The blog entries on our Productive Land project dried up in Autumn, for a number of reasons. I’ll catch you up soon, beginning with last Autumn’s harvest and this year’s planting as soon as I can, but a major preoccupation has been keeping chickens. It’s been a mixture of joy and anguish so far, and right now it’s only the latter.
Our initial pair – Big Coopie and Little Coopie – arrived in September, and started laying in February. We were getting around ten fantastic eggs a week. However, the day run we had built was designed to keep them in, not to keep predators out. We were scrupulous about locking them up by dusk, but in the day we let them wander about inside their (mostly netted) pen. One morning, though, a fox got in – in broad daylight – and killed Little Coopie. Caught in the act, the fox fled, and Little Coopie died in the kitchen, probably of shock. After this, we resolved to only let them out in their pen under supervision. The rest of the time they would be locked away, safely.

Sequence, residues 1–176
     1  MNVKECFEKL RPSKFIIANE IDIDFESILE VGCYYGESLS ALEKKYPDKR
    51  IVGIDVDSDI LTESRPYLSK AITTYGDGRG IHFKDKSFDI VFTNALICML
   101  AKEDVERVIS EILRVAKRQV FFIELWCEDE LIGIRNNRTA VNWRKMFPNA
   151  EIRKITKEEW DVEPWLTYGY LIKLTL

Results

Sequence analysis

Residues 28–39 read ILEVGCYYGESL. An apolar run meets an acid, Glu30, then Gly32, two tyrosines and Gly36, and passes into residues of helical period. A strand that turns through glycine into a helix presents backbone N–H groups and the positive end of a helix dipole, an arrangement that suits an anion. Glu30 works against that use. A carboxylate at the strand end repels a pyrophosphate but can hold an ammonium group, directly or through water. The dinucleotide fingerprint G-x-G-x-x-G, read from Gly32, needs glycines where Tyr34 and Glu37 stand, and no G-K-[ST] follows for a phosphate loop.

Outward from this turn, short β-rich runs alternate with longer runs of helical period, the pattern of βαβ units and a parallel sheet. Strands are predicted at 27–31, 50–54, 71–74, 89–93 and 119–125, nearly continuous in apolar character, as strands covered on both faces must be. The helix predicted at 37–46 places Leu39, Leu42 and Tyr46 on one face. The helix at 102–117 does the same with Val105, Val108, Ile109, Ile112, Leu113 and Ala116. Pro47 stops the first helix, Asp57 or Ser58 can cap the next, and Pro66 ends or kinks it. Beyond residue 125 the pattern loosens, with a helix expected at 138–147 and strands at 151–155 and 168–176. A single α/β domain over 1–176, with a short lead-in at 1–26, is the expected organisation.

We got two lovely little hens – Snowy, a Light Sussex, and Buffy (you’ve guessed it, a Buff Sussex) – a few weeks ago, and after a bit of initial tension with Big Coopie, they’d settled in and were having a whale of a time.
Then today, a hammer blow: a fox (or more than one) got into the coop itself, while it was locked – through the nesting box, whether by brute force or cunning I’m not sure. While the lock is supposed to be foxproof I think if enough force were applied it could slide open. Snowy and Buffy were taken – Snowy evidently made a run for it first, getting at least to the other side of the garden judging from the trail of white feathers – while Big Coopie must have stood and fought behind the cage, being killed and left there.
It makes me feel very guilty. The whole point of this part of the project was to be able to eat delicious eggs knowing that they have come from chickens whose lives were as fulfilled as possible (broadly defined). Though they had plenty of opportunity to root about in the foliage and so on, the net result is still that four lovely chickens have died. To carry on with this endeavour we will need to make sure the coop itself is even more secure.